Some birth control options could be banned if they are seen as abortion methods rather than pregnancy prevention, experts say

Some birth control options could be banned if they are seen as abortion methods rather than pregnancy prevention, experts say
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  • Some methods of birth control could be outlawed if they are seen as techniques to terminate a pregnancy.
  • Experts told Insider that birth control is not used to terminate a pregnancy, but to prevent it.

As public furor intensifies over a potential reversal of Roe v. Wade by the Supreme Court, experts warn that access to contraception could also be severely restricted in the near future.

Insider spoke to reproductive health doctors about the realities of private health decisions in a possible post-Roe world.

Some methods of birth control could be prohibited if they are viewed as abortion-inducing methods rather than pregnancy prevention, Seema Mohapatra, a law professor at the SMU Dedman School of Law, told Insider.

For instance, she said the Plan B pill and IUDs are seen as abortifacients, or medications used to induce an abortion, rather than their true function — techniques to prevent unwanted pregnancies.

A leaked draft opinion suggested the Supreme Court is open to overturning the landmark 1973 decision in Roe v. Wade, which legalized abortion nationwide.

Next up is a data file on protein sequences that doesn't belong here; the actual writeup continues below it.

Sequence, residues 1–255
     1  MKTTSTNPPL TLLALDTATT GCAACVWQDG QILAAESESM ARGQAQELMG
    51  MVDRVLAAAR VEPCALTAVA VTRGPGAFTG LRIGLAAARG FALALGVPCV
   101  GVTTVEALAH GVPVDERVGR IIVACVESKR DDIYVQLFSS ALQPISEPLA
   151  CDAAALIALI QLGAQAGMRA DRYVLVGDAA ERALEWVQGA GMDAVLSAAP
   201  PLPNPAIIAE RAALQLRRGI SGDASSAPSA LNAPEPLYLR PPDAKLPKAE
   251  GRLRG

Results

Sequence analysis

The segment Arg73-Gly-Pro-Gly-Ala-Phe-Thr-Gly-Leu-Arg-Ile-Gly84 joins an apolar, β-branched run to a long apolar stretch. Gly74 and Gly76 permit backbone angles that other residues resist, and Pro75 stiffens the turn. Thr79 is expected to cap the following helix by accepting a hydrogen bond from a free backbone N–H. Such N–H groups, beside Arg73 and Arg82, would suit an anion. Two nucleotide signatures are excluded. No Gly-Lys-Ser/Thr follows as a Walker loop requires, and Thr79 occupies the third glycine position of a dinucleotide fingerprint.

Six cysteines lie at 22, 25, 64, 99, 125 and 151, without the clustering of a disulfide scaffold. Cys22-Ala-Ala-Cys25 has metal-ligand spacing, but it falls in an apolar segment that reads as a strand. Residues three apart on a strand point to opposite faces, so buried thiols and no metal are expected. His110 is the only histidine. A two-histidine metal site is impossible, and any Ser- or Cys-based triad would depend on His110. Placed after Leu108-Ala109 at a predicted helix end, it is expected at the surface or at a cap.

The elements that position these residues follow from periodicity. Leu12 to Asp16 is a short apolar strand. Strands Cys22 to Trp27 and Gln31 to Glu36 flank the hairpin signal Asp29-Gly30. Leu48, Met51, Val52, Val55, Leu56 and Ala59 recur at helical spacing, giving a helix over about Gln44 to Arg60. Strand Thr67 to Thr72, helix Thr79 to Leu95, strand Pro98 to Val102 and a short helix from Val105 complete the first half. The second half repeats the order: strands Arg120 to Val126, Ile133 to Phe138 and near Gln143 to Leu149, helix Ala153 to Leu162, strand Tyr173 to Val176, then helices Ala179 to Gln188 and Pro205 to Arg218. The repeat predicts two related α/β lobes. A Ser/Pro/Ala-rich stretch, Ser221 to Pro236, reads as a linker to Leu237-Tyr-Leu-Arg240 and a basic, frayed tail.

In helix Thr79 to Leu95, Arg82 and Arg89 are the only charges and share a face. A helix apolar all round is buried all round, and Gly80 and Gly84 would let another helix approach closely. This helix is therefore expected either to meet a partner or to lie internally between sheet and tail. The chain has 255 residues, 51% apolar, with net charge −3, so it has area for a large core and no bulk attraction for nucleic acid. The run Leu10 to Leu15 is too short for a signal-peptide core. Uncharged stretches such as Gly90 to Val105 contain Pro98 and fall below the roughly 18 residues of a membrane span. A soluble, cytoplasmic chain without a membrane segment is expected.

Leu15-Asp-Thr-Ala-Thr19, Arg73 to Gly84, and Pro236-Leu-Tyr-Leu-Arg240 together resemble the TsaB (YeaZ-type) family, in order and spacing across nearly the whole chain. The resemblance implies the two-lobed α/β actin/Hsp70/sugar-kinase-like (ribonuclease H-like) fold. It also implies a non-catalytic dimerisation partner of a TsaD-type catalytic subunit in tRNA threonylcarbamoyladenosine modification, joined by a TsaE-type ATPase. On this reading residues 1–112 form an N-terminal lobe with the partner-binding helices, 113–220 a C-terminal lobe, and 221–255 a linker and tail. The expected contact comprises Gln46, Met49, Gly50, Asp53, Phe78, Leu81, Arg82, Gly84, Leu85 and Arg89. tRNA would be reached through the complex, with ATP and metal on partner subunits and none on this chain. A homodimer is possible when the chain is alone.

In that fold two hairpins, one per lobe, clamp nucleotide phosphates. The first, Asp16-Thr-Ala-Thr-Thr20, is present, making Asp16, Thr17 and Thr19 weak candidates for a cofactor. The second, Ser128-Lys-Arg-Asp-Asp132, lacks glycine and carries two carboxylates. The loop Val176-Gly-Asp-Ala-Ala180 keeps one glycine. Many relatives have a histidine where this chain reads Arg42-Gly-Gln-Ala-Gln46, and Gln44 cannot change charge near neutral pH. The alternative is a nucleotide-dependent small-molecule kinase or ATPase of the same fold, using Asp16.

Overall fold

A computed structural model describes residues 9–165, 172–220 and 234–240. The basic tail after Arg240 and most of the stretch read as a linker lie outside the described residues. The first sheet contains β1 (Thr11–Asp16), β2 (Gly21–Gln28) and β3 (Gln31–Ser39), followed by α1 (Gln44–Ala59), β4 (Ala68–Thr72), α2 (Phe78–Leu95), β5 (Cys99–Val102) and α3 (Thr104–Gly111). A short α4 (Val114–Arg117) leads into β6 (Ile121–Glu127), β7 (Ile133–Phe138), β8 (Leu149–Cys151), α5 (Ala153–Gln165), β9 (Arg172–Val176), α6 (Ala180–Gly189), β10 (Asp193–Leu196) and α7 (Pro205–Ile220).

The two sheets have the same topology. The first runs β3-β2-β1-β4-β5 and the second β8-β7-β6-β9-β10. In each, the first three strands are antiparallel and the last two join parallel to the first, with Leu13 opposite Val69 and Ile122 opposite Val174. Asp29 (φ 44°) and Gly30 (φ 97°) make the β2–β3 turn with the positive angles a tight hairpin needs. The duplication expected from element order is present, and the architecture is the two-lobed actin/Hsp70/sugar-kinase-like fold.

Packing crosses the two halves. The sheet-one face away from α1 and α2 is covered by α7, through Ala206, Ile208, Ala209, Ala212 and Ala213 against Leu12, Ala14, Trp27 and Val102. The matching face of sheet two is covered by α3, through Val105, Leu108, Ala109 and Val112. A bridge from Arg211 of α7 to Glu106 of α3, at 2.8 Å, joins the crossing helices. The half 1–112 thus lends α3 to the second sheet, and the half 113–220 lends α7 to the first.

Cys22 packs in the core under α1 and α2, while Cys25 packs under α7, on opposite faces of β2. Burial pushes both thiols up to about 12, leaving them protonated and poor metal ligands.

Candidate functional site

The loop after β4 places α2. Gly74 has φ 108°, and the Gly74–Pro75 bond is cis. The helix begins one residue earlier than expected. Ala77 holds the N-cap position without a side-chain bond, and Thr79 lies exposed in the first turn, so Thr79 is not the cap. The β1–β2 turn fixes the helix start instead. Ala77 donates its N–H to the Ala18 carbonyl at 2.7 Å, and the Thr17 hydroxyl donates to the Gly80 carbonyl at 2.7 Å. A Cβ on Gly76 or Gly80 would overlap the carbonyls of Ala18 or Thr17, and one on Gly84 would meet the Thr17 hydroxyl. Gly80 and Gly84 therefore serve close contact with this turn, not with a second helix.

If the court curtails the right to an abortion, experts said it could further complicate access to reproductive medical care, such as the right to contraception.

For instance, Pennsylvania and Louisiana have introduced bills that would give rights to a fetus, starting at the point of fertilization.

Dr. Stephanie Gustin, a reproductive, endocrinology, and infertility specialist based in Omaha, Nebraska, told Insider that using contraception to induce abortions isn't scientifically accurate.

"The actual main way that combined oral contraceptives work is to make the lining of the uterus inhospitable because of progesterone, plus it makes cervical mucus harder for sperm to penetrate," Gustin told Insider.

The same goes for an IUD, she said, whose primary goal is to keep the uterine lining thin and inhospitable due to the introduction of progesterone in the uterus.


"Its primary purpose isn't to inhibit ovulation. Progesterone is helping to prevent unwanted pregnancy among other things," she said.

She continued: "If someone read the bill as they wanted to and interpreted it in their own light, one could say this is abortion because it is making it so an egg cannot be fertilized, but we know that's not the case."